Chubb Fire Showcases The Future Of Fire Detection Technology In Schools

July 10, 2007

England

With arson attacks on schools an ever-present danger, and the cost now estimated at £74 million per year*, Chubb Fire is helping schools address this by showcasing a new fire detection solution as part of a major ‘Schools of the Future’ project in conjunction with the Building Research Establishment (BRE).

A full scale, three-storey model of a school has been built at a BRE site in Watford to help the construction industry learn more about how to deliver smarter, more sustainable buildings whilst achieving the highest environmental and construction standards. Chubb Fire has been subcontracted by NG Bailey, one of the principal project partners, to provide the fire detection element of the design against a background of figures that suggest one in 15 schools will at some time suffer the effects of a fire and that 75% of all fires in schools are started deliberately.*

Chubb Fire’s solution for schools includes smoke detectors, call points, sounders and beacons with a system built around its Controlmaster 1000 fire detection technology that meets the stipulated Category L1 criteria required. It was chosen for its ‘flexibility’ which in this case means lower service and maintenance charges, a more tangible lifecycle cost, greater integration with associated technologies including CCTV, status monitoring of components within the fire safety strategy (such as fire doors) and a better performance with dramatic impact on false alarm reduction.

Chubb Fire’s Product and Technical Manager, Graham Faulkner, explains: “Controlmaster 1000 has been designed very much with the future in mind.

“The system is fully IP functional which will enable not just engineers but actually the schools themselves to use their existing infrastructure (ie networks) in the future to ‘see’, with adapted software, the state of their alarm systems from their PC or laptop.  This will be especially beneficial for Local Education Authorities (LEAs) responsible for multiple buildings, as they will have greater ‘visibility’ across their entire portfolio, being able to view data on all their sites simply by dialling in to their intranet.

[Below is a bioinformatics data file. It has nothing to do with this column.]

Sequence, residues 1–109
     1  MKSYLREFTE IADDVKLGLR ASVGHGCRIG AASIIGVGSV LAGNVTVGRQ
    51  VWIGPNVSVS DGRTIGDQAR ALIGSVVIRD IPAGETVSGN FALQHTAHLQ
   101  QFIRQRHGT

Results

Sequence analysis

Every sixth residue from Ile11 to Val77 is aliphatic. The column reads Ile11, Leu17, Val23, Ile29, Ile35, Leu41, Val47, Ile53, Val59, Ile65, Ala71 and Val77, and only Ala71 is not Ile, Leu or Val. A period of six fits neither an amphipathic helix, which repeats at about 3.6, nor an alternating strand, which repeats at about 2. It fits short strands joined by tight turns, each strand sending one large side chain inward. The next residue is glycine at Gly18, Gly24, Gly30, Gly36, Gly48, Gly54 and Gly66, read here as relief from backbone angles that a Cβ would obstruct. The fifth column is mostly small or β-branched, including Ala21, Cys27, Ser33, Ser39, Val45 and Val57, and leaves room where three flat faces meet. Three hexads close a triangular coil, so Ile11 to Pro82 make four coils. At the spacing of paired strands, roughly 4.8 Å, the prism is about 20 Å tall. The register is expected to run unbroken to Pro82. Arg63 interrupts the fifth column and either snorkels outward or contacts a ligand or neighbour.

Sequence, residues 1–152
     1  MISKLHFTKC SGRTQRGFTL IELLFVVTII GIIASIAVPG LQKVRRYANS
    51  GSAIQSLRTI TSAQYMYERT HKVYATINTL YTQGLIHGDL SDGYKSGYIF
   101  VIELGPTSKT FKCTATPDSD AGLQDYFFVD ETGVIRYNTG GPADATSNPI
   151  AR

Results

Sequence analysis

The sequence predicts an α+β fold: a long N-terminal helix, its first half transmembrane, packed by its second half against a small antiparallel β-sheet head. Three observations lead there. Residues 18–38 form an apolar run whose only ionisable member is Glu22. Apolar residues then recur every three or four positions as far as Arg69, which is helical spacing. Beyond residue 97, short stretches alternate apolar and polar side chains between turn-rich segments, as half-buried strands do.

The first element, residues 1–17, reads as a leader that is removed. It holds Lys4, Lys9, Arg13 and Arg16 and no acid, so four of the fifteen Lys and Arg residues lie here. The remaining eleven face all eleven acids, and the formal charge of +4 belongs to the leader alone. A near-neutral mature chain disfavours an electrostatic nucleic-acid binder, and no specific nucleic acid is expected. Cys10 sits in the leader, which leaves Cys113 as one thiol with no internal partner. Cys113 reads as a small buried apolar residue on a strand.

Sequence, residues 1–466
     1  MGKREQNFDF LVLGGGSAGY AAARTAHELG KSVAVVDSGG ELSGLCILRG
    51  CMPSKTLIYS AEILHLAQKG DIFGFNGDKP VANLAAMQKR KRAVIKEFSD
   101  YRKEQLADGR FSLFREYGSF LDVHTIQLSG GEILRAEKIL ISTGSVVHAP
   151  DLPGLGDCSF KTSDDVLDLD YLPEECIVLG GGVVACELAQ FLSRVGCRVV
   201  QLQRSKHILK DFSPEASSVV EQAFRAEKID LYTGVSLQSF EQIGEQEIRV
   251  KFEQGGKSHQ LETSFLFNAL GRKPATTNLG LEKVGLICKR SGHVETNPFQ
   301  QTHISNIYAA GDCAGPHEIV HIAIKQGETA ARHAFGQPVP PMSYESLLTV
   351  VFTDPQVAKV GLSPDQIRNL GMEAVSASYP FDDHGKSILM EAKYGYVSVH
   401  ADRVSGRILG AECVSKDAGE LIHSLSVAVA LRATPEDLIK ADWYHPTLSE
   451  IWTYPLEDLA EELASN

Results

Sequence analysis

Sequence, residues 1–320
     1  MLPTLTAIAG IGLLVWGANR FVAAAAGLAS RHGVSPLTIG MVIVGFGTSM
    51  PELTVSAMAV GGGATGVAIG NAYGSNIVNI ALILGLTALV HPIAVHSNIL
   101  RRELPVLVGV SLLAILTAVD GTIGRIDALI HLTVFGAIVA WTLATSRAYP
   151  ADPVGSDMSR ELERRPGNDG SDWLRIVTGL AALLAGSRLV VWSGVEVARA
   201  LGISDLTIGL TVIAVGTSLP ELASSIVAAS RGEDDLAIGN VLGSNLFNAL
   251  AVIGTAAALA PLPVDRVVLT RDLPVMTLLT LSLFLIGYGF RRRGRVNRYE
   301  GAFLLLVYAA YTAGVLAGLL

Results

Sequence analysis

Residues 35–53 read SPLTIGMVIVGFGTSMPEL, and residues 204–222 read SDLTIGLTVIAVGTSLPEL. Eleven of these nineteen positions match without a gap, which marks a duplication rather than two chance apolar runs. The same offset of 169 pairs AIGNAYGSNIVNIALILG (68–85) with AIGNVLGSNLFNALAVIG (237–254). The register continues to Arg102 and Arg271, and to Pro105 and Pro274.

“Controlmaster 1000 will also have the ability to network several Panels together to create a bigger system. Such ‘Multi-Panel connectivity’ – as it is known – will allow the state of each panel to be monitored, potentially giving end-users not just a view of their current ‘health’, but also access to vital management information on the system’s performance.

“The third significant technological advancement that Controlmaster 1000 will bring in the future is the ability to integrate with associated technologies, notably CCTV. The opportunity to link cameras on a site via IP to a Fire Graphics Package, such that a school can literally ‘see’ an incident as it is triggered, will have obvious advantages and supports the operator in delivering an appropriate response.

“Of course the whole raison d’etre behind the development of future fire detection technology for schools is ultimately to provide better levels of protection,” Graham continues. “But it is also about providing better levels of false alarm management and reduction. Panels can link with all manner of detectors, but Controlmaster 1000 will be able to analyse a combination of factors to determine whether an alarm can be confirmed as genuine.”

As well as its performance characteristics, Controlmaster 1000 has also been installed because of its practical advantages including the ability to be ‘pre-commissioned’ without an engineer even having to visit the site. This means it will be possible for the system to attain its Factory Acceptance Test before it even leaves the Chubb’s facilities.

“Chubb Fire estimates that such technology represents a potential 22% saving on the time an engineer spends on site commissioning a system, with the commensurate savings in terms of money and resource,” Graham adds.

Controlmaster 1000 will ultimately have the benefit of Condition-Based Monitoring and Remote Diagnostics. Both will enable an engineer to pre-examine the system, and through the Panel identify faults and those parts of the system that may need changing or replacing. Again, the benefit to the school will be that the time a service engineer spends on site can be reduced, and the cost-savings re-invested in more direct educational support.

The model school was opened in June, and will remain on the BRE site for the next two years, during which time it will be used as a showcase for demonstrations to schools, LEAs and relevant government departments.

*The Arson Prevention Bureau estimates that almost a third of school fires occur during the day, putting the safety of pupils and staff at risk. Fires also interrupt learning, and more than 90,000 pupils per year will experience disruption to their education as a result of damage to classrooms or school property.

Back